Editorial: An analysis of Daniel Dennett’s book Darwin’s Dangerous Idea.
Darwin’s Dangerous Idea is the title of atheist philosopher Daniel Dennett’s influential book.1 By this he doesn’t mean the belief, predating Darwin, that one kind gave rise to another. He means the idea that natural selection, acting on chance variations, has been capable of creating all the wonders of the natural world, while producing the illusion of design.
He likens Darwin’s notion to a ‘universal acid’ which is so corrosive that nothing can contain it. Darwinism ‘eats through virtually every traditional concept’2—mankind’s most cherished beliefs about God, value, meaning, purpose, culture, morality—everything. While lashing out at creationists, Dennett says that they are ‘right about one thing; Darwin’s dangerous idea cuts much deeper into the fabric of our most fundamental beliefs than many of [Darwinism’s] sophisticated apologists have yet admitted, even to themselves. Even today, many people still have not come to terms with its mind-boggling implications.’2
Many theistic evolutionists, particularly academics eager to preserve credibility in both camps, try to dismiss the atheistic implications of Darwinism as merely the overreaction of a few extremists. But it is turning out to be impossible to ‘contain’ this universal acid. Atheism is now almost universally espoused by the leaders of evolutionary science.
Once you accept that chance and selection, the mindless processes of Darwinism, produced our bodies and our brains, why should our minds be excluded from this process? Which means that the products of our minds (thoughts, culture, ideas and behaviour of all sorts) are ultimately the results of this same mindless process. The philosophical choice has always been starkly clear. Either the universe is the product of intelligence, or intelligence is the product of the universe.
Dennett points out that there is no logical stopping point for Christians and others who want to flirt with Darwinism. For him, the question is not whether, but when this universal acid will have totally dissolved the Christian worldview in our society.
Over the last century and more, the Darwinian ‘acid’ has seriously corroded all of Western culture. Evolutionary thinking has long been implicit (there is no such thing as absolute values or meaning in life except your own opinion). It is becoming ever more explicit—such things as ‘Darwinian medicine’ are increasingly pushed. Or Darwinian psychology, which ‘explains’ everything previously labelled as ‘sin’ in evolutionary terms.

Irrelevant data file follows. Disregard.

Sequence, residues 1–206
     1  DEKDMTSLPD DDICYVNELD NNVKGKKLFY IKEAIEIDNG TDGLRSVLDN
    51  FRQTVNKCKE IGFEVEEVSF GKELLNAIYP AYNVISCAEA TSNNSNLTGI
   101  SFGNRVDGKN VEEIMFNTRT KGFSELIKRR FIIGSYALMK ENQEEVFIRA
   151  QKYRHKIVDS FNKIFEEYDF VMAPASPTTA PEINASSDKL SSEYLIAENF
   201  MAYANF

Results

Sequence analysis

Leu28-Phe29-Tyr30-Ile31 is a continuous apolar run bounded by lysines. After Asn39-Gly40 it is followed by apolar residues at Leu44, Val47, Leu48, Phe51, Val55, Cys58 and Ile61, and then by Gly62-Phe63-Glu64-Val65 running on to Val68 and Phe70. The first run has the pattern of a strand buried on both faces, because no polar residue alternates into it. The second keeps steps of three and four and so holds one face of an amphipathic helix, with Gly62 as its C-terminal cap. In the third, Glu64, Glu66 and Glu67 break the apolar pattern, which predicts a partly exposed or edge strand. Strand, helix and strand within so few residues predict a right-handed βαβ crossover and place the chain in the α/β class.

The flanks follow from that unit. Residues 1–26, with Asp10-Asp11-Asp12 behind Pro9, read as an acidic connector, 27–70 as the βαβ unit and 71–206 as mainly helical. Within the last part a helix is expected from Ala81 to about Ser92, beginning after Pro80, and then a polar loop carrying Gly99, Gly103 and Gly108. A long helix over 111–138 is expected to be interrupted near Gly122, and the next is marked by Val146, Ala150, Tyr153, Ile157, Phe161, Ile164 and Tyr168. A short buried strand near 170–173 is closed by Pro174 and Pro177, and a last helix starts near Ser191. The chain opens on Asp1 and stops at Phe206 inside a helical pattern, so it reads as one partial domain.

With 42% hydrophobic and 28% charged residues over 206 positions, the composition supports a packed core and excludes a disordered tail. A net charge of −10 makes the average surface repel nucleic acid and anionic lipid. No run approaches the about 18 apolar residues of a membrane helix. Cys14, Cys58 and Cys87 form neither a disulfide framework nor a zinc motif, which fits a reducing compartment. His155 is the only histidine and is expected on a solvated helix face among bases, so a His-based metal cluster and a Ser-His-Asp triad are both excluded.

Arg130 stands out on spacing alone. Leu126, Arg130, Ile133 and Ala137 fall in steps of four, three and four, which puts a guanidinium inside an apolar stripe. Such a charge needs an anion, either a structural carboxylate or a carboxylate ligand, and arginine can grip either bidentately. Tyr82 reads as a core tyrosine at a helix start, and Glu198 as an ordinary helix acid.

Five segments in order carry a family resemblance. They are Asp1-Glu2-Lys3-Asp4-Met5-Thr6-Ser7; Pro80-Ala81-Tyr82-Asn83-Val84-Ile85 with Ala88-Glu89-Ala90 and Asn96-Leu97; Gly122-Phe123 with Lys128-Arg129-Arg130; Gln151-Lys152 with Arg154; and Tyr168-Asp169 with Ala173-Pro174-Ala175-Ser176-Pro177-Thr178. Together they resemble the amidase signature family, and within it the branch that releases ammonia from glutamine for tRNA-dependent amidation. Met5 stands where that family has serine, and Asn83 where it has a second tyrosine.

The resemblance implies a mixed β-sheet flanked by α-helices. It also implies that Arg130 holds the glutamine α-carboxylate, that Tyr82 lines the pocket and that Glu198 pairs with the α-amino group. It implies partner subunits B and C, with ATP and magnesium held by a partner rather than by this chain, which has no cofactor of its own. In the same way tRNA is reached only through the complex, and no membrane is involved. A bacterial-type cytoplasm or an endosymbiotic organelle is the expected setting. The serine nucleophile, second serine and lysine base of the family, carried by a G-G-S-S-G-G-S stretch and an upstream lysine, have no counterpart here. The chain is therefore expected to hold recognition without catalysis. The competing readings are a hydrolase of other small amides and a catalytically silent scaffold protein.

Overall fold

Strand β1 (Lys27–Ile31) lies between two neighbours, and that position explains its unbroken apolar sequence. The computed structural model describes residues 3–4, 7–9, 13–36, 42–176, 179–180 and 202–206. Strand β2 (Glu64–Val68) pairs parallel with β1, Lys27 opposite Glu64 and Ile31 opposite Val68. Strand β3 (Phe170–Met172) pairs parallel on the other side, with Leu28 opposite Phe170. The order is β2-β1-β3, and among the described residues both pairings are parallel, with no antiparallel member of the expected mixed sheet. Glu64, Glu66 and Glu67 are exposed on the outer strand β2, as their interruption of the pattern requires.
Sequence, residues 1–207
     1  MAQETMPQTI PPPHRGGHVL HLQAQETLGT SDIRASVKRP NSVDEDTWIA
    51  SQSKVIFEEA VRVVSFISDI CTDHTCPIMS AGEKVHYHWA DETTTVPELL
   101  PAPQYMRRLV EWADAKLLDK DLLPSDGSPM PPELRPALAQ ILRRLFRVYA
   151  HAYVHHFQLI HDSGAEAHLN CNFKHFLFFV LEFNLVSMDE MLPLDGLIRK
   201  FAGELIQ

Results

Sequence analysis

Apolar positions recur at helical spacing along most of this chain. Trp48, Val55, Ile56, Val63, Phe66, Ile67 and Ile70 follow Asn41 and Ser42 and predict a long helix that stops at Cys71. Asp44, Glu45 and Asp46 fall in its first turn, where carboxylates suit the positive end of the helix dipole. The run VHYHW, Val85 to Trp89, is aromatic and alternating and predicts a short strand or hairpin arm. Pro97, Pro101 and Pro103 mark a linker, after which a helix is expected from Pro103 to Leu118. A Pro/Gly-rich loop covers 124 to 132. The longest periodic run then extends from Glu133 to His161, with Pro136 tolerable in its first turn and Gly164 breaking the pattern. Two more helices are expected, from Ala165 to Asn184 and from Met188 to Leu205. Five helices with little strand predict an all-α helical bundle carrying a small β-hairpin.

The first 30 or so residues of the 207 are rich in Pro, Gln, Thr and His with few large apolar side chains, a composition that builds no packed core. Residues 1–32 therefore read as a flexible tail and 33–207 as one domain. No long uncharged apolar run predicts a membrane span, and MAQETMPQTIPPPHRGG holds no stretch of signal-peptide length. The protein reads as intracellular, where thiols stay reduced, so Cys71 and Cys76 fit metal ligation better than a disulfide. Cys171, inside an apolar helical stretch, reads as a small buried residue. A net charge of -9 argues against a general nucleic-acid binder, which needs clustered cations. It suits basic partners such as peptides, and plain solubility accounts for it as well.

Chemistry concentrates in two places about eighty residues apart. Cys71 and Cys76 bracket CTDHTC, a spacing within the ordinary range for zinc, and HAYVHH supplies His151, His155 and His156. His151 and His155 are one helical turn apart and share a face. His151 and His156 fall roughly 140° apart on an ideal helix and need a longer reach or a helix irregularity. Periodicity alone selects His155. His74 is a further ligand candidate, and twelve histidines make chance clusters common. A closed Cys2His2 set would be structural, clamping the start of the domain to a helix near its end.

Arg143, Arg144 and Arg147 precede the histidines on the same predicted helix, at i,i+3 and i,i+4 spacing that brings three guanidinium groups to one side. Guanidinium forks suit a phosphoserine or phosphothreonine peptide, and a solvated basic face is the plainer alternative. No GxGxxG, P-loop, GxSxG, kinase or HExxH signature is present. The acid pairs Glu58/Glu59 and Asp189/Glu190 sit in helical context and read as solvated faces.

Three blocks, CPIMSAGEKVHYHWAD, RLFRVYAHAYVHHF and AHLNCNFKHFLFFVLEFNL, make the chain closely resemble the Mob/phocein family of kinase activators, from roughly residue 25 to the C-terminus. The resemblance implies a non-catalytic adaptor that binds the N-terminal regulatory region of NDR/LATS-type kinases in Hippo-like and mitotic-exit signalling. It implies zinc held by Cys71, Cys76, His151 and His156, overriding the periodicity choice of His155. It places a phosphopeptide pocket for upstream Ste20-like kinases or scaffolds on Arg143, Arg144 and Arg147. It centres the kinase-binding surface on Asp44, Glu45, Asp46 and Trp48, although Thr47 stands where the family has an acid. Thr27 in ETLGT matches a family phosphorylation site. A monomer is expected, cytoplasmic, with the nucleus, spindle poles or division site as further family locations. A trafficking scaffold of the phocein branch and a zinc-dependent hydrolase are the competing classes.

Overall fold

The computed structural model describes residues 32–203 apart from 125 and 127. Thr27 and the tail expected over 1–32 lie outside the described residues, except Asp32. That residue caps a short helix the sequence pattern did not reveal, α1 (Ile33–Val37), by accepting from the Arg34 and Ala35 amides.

Those clinging to a ‘big bang’ idea as a last bastion for a divine act of creation are having that ground corroded out from under them by the universal acid—the universe’s origin is now being ‘explained’ by Darwinian–style selection from an array of eternally replicating and varying universes.
Many evangelical Bible colleges and the like have already suffered major corrosion from the inside as a result of allowing this universal acid (and its closely related stablemate, ‘progressive creation’) into the fold. Here, too, there is no logical barrier to prevent it eating its way to ultimate unbelief.
Accept that the Bible is wrong about something as major and as obvious as no death/bloodshed before sin, or the global nature of the Flood judgment, then maybe it is wrong about other things concerning the nature of sin, the wrongfulness of homosexual behaviour, Jesus Christ’s Virginal Conception, Bodily Resurrection, Atonement for our sins, and so on. The acid just eats away until there is not even the vaguest resemblance to the ‘faith which was once delivered unto the saints’ (Jude 3).
The good news is that there is an antidote to this ‘universal acid’. We need to rebuild all of our thinking, not just about science and origins, on the written Word of God. Creation magazine is a powerful part of the antidote—sprinkle it around widely in your corner of the world, and watch the ‘fizz’. May God continue to bring the light of His glorious Gospel to many through these pages.
- Darwin’s Dangerous Idea: Evolution and the Meanings of Life, Simon & Schuster, 1995.
- D. Dennett, ‘Darwin’s dangerous idea’, The Sciences, pp. 34–40, May–June, 1995. Dennett is director of the Centre for Cognitive Studies at Tufts University, Massachusetts.